In season asparagus roasted with simple seasoning is one of my favorites. It often appears as a side dish on our dinner table. I decided to make two different dipping sauces as I found beautiful locally grown asparagus. Both sauces played on traditional acidic pairings. The first highlighted the sweetness of balsamic vinegar and the second the tartness of lemon. While both were really good, I preferred the lemon vinaigrette.

Roasted Asparagus with Dipping Sauces
2 Servings
1 stalk asparagus cleaned with ends trimmed

Balsamic Honey Reduction
1/3 cup balsamic vinegar
1/2 tablespoon good honey
pinch of salt and pepper

Lemon Vinaigrette
1/2 cup of the best olive oil you have
juice of half a lemon
few pinches of minced parsley

Pre-heat oven to 425 degrees. Place asparagus on baking sheet and roast for 15 minutes for thicker stalks or 10 minutes for thinner stalks. Meanwhile, over medium-low heat, heat and simmer the balsamic vinaigrette until it becomes syrupy. Add honey, salt, pepper and keep warm until ready to serve. For the vinaigrette, place olive oil in bowl and beat in lemon juice until emulsified. Add parsley, salt and pepper.

Thursday, May 21, 2009

BB: Lemon Cakes... Sort Of

Lemon is used is just about everything I make. My husband has an unnatural love of lemons to the point that I don't throw lemons out after juicing as he will eat them like apples. This bonus BB recipe selected by McKenzie or Kenzies Kitchen, profiled lemon in a big way and I didn't take the bait. The recipe sounded challenging but more lemon didn't so very interesting so I substituted orange zest and juice.

The cakes were similar to a pound cake and truly profiled the fresh orange flavor. The recipe was challenging for a novice baker but the directions were concise easy to follow.

Other than using orange I made a few adjustments: added only 1 1/2 cups of sugar as opposed to 2 cups; poked holes so the syrup would seep into the cake; made only 1/2 the glaze.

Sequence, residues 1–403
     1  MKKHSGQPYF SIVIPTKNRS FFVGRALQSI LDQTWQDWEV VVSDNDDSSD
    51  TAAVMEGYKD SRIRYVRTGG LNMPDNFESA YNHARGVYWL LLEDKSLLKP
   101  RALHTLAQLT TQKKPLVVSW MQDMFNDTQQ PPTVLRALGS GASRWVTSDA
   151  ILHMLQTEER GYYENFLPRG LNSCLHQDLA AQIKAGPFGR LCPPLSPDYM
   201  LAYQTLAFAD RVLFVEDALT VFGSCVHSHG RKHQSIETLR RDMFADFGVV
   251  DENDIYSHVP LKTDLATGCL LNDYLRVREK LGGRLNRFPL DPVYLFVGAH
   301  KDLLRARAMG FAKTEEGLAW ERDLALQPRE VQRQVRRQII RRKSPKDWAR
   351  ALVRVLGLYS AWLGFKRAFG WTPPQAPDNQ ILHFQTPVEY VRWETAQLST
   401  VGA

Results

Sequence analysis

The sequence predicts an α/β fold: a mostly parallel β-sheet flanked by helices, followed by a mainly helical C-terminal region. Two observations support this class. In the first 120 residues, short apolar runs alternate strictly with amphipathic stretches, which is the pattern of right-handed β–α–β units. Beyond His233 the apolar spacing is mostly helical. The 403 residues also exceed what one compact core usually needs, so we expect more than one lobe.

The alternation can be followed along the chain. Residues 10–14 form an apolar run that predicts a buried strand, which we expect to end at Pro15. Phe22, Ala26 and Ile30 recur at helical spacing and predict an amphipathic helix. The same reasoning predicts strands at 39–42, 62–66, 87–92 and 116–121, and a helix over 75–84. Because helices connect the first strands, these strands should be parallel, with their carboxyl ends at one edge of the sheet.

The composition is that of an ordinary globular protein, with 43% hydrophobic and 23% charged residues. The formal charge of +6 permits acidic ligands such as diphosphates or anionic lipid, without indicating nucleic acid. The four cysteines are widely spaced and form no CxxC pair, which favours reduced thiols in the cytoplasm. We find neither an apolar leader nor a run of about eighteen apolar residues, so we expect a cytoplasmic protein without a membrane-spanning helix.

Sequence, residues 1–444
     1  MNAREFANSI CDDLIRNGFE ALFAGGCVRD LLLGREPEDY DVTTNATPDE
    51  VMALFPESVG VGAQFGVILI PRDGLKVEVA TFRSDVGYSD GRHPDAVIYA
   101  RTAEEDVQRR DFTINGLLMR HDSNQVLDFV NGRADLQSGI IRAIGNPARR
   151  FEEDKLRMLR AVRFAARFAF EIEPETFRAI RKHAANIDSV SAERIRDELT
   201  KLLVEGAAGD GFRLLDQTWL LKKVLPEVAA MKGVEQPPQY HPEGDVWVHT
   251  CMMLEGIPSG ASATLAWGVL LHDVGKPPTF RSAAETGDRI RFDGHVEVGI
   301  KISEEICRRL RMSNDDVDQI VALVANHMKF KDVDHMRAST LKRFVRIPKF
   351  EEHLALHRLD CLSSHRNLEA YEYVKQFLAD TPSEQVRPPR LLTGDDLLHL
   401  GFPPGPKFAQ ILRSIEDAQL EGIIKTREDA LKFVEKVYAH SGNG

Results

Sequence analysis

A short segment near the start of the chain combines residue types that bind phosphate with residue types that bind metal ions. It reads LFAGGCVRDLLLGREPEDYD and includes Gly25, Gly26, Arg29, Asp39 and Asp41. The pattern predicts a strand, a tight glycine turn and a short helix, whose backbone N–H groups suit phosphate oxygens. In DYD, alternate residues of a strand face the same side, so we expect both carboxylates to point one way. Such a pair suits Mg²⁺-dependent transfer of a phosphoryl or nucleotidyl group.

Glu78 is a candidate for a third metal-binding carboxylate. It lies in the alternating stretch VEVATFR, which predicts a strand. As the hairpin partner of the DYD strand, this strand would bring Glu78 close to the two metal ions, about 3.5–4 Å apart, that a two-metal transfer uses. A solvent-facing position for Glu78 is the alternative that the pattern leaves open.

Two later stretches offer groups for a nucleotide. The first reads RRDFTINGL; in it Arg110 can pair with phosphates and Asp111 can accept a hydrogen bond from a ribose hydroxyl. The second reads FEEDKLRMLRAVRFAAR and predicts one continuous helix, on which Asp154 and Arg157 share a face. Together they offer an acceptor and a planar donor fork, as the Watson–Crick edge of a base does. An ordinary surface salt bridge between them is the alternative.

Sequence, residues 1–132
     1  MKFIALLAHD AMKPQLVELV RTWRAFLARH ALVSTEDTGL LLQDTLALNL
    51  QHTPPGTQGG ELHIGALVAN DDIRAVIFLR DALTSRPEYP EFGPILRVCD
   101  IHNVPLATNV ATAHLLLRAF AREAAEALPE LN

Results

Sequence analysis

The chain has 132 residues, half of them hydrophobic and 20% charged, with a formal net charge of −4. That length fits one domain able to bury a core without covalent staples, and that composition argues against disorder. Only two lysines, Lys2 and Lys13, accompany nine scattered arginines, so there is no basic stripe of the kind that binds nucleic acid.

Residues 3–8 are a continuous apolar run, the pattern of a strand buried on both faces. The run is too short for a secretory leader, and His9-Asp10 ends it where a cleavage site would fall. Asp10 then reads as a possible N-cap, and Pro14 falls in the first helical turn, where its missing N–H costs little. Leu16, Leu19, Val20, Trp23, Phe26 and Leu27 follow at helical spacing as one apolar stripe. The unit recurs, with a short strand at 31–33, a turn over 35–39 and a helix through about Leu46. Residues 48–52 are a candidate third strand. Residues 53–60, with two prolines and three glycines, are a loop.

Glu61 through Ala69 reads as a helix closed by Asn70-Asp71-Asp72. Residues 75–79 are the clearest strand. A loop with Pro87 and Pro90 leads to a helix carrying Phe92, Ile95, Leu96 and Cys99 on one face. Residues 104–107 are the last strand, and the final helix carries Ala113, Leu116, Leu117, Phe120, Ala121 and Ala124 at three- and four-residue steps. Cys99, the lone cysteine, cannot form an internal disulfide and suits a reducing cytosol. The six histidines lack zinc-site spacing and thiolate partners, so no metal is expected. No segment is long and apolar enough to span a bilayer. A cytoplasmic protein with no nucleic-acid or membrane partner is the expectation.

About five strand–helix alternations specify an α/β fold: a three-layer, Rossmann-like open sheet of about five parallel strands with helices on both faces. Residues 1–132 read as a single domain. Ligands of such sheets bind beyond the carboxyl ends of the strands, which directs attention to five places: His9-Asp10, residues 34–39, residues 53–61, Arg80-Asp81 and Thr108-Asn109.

We brought this cake with us on our road trip to Montreal and it was a perfect snack! Once again you delivered, Thanks Ina! I am on vacay for a bit, hopefully I return with some blog worthy inspiration.

Lemon Cakes
Barefoot Contessa Parties!, 2001
Servings: 2 loaf sized cake, 20 servings

1/2 pound (2 sticks) unsalted butter, at room temperature
2 1/2 cups granulated sugar, divided
4 extra-large eggs, at room temperature
1/3 cup grated lemon zest (6 to 8 large lemons)
3 cups flour
1/2 teaspoon baking powder
1/2 teaspoon baking soda
1 teaspoon kosher salt
3/4 cup freshly squeezed lemon juice, divided
3/4 cup buttermilk, at room temperature
1 teaspoon pure vanilla extract
For the glaze:
2 cups confectioners' sugar, sifted
3 1/2 tablespoons freshly squeezed lemon juice

Preheat the oven to 350 degrees F. Grease and flour 2 (8 1/2 by 4 1/4 by 2 1/2-inch) loaf pans. You may also line the bottom with parchment paper, if desired.
Cream the butter and 2 cups granulated sugar in the bowl of an electric mixer fitted with the paddle attachment, until light and fluffy, about 5 minutes. With the mixer on medium speed, add the eggs, 1 at a time, and the lemon zest.
Sift together the flour, baking powder, baking soda, and salt in a bowl. In another bowl, combine 1/4 cup lemon juice, the buttermilk, and vanilla. Add the flour and buttermilk mixtures alternately to the batter, beginning and ending with the flour. Divide the batter evenly between the pans, smooth the tops, and bake for 45 minutes to 1 hour, until a cake tester comes out clean.
Combine 1/2 cup granulated sugar with 1/2 cup lemon juice in a small saucepan and cook over low heat until the sugar dissolves. When the cakes are done, allow to cool for 10 minutes. Remove the cakes from the pans and set them on a rack set over a tray or sheet pan; spoon the lemon syrup over them. Allow the cakes to cool completely.
For the glaze, combine the confectioners' sugar and the lemon juice in a bowl, mixing with a wire whisk until smooth. Pour over the tops of the cakes and allow the glaze to drizzle down the sides.